Every year around the same time, the emails start piling up, inviting you to register for the year's conference season. Whether it's an international tradeshow in Vegas or an intimate two-day retreat in Aspen, determining what to attend can be a project all its own.
Before deciding, take a minute to think: How do conference leaders determine which speakers will bring something new to a conference, and which speakers aren't among just the same-old faces?
It's all about spotting the new names before they get big, keeping your conference spend specific to your goals, and matching your expectations to the speaker and event itself.
Based on my 10 years as an organizer of industry events, here are four easy ways to vet a conference you're considering attending to make sure you'll get what you're looking for.
1. Take a chance on new names
Sure, it's fun to brag about having seen industry influencers, social media celebrities, big-name investors, or entertainment hotshots. But popular names can highly inflate ticket prices to accommodate the speakers' costs.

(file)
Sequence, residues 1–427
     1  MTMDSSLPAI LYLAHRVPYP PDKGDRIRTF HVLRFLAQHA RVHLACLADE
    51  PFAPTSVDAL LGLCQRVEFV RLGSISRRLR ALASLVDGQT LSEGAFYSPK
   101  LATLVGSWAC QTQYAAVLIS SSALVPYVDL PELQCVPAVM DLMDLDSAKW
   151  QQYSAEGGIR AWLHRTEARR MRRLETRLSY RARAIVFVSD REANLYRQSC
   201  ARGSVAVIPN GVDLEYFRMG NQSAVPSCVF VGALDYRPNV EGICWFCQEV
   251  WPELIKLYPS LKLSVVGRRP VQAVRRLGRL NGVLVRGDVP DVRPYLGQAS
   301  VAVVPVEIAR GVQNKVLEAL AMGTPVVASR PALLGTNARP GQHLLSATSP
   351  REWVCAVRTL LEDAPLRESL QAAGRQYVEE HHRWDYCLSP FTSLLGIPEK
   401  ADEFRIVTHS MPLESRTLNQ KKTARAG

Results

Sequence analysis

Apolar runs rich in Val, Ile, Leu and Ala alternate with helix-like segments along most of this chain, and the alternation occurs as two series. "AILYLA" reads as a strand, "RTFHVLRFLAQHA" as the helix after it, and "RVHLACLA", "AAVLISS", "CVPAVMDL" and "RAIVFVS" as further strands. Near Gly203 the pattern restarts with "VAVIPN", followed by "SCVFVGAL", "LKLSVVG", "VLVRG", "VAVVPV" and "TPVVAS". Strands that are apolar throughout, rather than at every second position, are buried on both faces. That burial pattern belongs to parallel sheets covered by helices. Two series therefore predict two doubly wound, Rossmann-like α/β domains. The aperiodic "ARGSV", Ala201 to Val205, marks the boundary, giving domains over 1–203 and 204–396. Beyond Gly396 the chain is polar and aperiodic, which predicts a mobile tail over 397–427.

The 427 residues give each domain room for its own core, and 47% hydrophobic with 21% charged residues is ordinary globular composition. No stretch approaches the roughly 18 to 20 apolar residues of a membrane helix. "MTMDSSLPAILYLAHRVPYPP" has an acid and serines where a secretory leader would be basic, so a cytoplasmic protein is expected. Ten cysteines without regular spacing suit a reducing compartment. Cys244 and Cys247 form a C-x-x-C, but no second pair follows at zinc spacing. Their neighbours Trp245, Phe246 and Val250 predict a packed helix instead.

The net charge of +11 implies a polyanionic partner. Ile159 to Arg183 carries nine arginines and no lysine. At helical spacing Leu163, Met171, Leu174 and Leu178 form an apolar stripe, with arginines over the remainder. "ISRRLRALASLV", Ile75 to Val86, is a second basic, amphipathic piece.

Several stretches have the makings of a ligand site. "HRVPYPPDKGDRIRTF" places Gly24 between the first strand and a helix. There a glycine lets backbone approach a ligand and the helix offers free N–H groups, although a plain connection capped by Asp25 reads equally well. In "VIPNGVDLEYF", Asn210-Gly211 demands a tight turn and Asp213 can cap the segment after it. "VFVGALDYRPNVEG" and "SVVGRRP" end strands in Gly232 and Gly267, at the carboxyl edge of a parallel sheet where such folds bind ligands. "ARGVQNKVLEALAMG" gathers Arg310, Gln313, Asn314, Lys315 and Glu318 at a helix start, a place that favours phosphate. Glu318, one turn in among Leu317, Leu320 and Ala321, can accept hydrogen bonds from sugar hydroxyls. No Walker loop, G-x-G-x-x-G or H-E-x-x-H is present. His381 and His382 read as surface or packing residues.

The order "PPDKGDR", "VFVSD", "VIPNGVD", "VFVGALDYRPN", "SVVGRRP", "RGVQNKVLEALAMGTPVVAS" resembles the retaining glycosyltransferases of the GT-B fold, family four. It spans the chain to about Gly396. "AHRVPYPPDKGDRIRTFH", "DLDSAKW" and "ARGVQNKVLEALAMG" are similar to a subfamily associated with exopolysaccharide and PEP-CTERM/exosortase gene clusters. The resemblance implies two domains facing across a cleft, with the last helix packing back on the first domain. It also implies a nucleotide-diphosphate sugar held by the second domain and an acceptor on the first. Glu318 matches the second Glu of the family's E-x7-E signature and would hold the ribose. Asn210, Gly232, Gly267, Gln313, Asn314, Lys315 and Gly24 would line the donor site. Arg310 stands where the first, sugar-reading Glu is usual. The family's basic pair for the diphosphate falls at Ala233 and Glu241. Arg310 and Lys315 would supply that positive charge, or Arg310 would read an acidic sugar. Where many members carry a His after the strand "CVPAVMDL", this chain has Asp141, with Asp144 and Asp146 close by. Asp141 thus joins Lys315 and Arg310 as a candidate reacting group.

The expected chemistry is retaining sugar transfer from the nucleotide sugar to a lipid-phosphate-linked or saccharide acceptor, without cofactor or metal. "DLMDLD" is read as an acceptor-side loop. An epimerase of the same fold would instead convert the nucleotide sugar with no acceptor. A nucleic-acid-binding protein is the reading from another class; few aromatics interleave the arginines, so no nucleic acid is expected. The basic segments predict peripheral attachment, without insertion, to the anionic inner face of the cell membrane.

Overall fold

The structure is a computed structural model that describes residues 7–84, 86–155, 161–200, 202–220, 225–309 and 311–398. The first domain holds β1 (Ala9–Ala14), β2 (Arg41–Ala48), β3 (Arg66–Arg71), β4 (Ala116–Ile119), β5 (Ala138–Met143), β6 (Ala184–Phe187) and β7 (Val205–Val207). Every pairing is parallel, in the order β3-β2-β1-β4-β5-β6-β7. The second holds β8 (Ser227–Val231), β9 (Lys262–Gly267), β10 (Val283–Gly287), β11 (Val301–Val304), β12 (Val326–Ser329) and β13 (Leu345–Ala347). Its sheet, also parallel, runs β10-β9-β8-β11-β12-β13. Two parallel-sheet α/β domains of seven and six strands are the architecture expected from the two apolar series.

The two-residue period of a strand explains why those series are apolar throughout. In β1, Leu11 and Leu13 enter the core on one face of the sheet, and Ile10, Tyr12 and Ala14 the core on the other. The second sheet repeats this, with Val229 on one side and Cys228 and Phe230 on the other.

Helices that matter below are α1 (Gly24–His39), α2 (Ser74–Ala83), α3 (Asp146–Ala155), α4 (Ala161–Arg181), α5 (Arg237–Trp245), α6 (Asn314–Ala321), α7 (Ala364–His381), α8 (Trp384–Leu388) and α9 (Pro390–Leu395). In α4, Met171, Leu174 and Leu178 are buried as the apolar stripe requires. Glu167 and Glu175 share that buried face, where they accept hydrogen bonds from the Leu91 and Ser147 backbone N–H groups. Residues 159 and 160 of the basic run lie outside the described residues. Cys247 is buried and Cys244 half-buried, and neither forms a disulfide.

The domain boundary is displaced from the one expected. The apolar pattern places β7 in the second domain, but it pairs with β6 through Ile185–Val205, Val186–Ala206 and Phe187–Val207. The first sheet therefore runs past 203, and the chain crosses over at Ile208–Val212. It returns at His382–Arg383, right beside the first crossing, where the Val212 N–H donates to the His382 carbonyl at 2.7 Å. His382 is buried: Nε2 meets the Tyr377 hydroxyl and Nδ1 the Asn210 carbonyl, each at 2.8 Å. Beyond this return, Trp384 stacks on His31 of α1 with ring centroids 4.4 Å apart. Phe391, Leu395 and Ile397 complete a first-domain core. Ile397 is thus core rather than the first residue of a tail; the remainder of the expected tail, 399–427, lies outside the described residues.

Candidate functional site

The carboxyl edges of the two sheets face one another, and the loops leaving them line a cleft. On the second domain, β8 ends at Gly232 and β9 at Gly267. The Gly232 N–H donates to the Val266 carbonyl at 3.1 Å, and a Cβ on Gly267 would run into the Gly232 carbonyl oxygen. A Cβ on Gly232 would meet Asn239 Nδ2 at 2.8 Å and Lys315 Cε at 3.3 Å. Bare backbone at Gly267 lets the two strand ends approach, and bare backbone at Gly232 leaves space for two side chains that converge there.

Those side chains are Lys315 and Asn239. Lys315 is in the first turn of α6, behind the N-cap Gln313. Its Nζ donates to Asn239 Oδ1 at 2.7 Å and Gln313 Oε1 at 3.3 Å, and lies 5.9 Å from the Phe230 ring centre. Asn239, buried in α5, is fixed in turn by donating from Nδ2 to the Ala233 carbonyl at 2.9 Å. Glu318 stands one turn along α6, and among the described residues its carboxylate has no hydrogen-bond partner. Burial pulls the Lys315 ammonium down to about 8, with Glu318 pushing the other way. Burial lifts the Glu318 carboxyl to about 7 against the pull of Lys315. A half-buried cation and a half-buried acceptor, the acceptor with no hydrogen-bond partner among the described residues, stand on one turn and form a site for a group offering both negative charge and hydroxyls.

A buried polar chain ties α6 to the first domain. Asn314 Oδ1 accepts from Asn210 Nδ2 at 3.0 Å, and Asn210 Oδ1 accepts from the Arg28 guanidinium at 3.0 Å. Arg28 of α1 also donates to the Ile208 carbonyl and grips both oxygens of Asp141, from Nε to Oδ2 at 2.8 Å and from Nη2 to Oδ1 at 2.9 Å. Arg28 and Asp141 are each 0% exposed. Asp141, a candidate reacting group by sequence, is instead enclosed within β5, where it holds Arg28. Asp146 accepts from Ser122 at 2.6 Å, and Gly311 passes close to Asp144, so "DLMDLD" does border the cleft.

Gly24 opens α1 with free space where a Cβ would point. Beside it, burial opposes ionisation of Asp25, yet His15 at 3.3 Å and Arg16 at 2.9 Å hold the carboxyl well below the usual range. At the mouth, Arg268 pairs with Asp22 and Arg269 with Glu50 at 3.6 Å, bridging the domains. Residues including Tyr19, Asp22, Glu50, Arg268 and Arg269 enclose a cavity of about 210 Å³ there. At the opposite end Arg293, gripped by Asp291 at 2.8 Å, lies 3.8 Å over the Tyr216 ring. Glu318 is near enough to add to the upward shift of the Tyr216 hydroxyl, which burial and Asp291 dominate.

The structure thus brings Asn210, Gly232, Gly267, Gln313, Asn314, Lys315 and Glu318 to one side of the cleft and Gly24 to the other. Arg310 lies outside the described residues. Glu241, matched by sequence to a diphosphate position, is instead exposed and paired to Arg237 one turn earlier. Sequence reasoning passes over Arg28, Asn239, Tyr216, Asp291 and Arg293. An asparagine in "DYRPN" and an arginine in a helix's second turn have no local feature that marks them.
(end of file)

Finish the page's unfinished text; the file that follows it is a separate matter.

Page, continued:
If you're looking to learn, gain value, and put into practice knowledge you've gained at a conference, take a chance on a name who has a strong following and background—but hasn't spoken at every event on your industry roster. You'll get a lot more return on your ticket investment.
For example, SEMpdx's annual conference, Engage (formerly SearchFest), has been successful booking speakers who are on the rise rather than hitting their professional plateau. We were one of the first to book author and entrepreneur Marty Weintraub. We were impressed with his online presence and his work growing digital marketing agency, Aimclear. Though there were bigger names on the agenda, we had the most positive feedback from attendees on Weintraub's session.
Alan George is the president of SEMpdx and marketing manager of Columbia Steel Casting Co. He has 10+ years of experience organizing events for business leaders. He spearheaded the rebranding of SEMpdx's annual digital marketing conference, Engage, to reflect the evolution of the industry.
Twitter at @superalan